Listing 1. The most frequently occurring materials classes.

§3.4. Physical properties

All the supported physical properties are given by the MPDS hierarchy. A search for a high-order property assumes all the subordinate properties included in the results. In addition, even more general terms like permittivity or pressure are supported. The physical properties containing these terms in the name will be found.

A part of the physical properties in the hierarchy supports numerical searches. For that an exact name of the property should be used together with the less or more sign and the numerical value of interest (in SI units). Example: isothermal bulk modulus > 300 (assuming GPa).

§3.5. Chemical elements

Chemical elements can be typed as names or symbols (e.g. copper or Cu). Obviously, chemical elements can be combined arbitrarily in searches, using spaces, commas, or dashes as the separators. By default, equal or greater count of elements is implied, e.g. the results for Cd-O-S may contain not only Cd, O, and S, but also Tl, H, N, K etc. To restrict the elements count, the arity materials classes unary, binary, ternary, quaternary, or quinary should be added, e.g. Cd-O-S ternary.

§3.6. Chemical formulae

In the chemical formulae order of elements does not matter. However the results will contain the chemical formulae with the standard order of elements (according to their electronegativity). For instance, the 1000 most frequently occurring chemical formulae are listed below alphabetically.

Listing 2. 1000 most frequently occurring chemical formulae.

§3.7. Crystal systems and space groups

Seven crystal systems and 230 space groups are fully supported. The space groups can be specified as the number or international short symbol. Full list of crystal systems and space groups can be found e.g. in Wikipedia. Note, that crystal systems, space groups, and prototype systems (see below) are mutually exclusive, i.e. not possible to combine in a search query.

§3.8. Prototype systems

Prototype systems are supported in two notations: Strukturbericht and PAULING FILE. The first notation is an old crystallographic classification system still sometimes used in the scientific literature (see the listing below). The second notation is given by a combination of the chemical formula, Pearson symbol, and space group number. For instance, the most common prototype in the world literature is NaCl cF8 225, counting about 40 000 hits. Other important structural prototypes are e.g. cubic perovskite CaTiO3 cP5 221, zincblende ZnS cF8 216, superconducting cuprate Ba2Cu3YO6.3 tP14 123 etc..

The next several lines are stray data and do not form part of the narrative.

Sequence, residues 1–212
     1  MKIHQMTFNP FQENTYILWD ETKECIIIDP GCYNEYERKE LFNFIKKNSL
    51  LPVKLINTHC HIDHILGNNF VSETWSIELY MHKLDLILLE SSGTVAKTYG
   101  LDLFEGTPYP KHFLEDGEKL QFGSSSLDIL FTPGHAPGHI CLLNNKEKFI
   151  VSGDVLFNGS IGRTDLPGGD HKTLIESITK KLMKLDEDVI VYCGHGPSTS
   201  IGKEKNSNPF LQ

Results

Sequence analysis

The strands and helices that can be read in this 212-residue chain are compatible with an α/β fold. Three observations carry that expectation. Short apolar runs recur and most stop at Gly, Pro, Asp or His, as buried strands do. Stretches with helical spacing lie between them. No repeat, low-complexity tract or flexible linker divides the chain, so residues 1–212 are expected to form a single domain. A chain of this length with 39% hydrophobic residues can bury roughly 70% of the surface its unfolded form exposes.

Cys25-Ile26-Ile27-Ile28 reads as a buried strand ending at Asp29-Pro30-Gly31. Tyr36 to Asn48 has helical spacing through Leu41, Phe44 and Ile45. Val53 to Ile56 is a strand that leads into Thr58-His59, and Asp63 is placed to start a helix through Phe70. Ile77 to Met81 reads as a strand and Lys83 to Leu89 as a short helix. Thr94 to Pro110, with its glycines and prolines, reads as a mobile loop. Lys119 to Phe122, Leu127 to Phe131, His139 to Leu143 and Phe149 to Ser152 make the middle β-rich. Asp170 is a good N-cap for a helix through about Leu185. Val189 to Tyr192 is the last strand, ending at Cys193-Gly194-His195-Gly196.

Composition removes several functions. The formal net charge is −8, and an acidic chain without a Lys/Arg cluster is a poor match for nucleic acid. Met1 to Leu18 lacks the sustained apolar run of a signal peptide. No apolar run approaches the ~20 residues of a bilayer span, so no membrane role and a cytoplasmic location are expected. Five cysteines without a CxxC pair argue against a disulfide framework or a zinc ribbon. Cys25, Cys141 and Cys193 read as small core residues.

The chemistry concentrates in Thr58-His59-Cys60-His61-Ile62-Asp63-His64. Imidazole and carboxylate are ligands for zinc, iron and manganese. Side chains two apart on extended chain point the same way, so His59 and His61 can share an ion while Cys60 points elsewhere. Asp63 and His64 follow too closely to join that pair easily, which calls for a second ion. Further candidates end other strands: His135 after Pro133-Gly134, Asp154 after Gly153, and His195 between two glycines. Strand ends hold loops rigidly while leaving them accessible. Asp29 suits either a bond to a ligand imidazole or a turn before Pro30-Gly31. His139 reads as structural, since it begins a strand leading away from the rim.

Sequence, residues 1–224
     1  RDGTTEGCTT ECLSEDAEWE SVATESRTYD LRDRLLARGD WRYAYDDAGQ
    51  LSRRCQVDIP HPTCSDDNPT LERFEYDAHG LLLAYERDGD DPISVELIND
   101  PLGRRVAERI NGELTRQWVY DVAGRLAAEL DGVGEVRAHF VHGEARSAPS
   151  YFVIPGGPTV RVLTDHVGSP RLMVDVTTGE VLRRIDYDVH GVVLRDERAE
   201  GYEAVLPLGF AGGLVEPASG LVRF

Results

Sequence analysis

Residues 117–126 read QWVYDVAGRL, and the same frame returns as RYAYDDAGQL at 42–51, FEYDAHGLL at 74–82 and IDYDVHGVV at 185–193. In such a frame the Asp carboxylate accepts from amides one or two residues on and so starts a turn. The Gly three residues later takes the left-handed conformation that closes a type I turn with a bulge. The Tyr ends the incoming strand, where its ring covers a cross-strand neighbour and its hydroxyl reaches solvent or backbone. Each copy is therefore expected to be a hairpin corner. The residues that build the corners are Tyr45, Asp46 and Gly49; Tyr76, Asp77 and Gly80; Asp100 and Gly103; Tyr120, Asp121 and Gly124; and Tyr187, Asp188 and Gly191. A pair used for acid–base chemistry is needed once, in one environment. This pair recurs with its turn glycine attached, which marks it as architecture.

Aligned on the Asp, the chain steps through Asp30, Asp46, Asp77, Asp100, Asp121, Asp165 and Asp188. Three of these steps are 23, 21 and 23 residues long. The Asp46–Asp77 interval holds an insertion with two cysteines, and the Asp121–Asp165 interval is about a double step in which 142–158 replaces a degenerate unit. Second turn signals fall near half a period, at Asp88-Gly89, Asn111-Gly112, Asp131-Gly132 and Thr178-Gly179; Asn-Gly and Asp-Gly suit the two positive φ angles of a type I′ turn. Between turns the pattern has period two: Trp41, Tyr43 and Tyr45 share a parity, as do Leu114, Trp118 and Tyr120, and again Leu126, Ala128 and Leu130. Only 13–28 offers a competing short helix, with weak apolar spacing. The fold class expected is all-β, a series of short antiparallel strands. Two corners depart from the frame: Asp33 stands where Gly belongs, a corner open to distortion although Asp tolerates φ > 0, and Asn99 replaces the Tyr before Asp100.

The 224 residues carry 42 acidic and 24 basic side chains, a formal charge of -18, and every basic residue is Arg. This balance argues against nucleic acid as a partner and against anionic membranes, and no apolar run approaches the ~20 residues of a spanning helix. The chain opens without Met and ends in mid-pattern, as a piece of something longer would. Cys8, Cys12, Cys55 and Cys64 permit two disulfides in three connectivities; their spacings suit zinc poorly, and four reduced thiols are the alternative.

Listing 3. All used Strukturbericht symbols.

§3.9. Atomic environments

The atomic environments in the crystalline structures are arranged in the polyhedra (e.g. TiO6 or HgX12). It is possible to search throughout the entire MPDS data by the type and the atomic composition of these polyhedra. The most frequently occurring polyhedral types are shown below, sorted by the number of vertices (i.e. the central atom coordination number):

Listing 4. MPDS data polyhedral types.

The input of polyhedron atoms implies the first typed chemical symbol is the center of the polyhedron. It makes no sense to specify any numerical index near it. The next typed chemical symbols are treated as ligands. Here numerical indices are properly supported. The center and ligands atoms may be subdivided by the space or minus sign. The X symbol stands for any chemical element.

§3.10. Bibliography

Since all the MPDS data were manually excerpted from the peer-reviewed articles, they are searchable by their corresponding author names, publication years, journal issues, pages, and DOIs. This information can be also used for citing. Generally citing of the MPDS is desirable but not obligatory although, as all the data have their own publishers' DOIs or at least journal issues with pages.

This tutorial is work in progress. We thank the reader for the time and interest! Any questions or feedback is very welcomed and greatly appreciated.